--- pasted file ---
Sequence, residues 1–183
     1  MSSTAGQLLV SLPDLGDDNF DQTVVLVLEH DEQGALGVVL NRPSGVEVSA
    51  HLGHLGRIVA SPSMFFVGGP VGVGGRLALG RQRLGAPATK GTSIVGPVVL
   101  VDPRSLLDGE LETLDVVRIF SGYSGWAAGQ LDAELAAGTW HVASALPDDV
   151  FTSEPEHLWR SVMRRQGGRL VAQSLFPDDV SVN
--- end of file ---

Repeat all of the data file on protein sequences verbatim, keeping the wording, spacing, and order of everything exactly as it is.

Sequence, residues 1–183
     1  MSSTAGQLLV SLPDLGDDNF DQTVVLVLEH DEQGALGVVL NRPSGVEVSA
    51  HLGHLGRIVA SPSMFFVGGP VGVGGRLALG RQRLGAPATK GTSIVGPVVL
   101  VDPRSLLDGE LETLDVVRIF SGYSGWAAGQ LDAELAAGTW HVASALPDDV
   151  FTSEPEHLWR SVMRRQGGRL VAQSLFPDDV SVN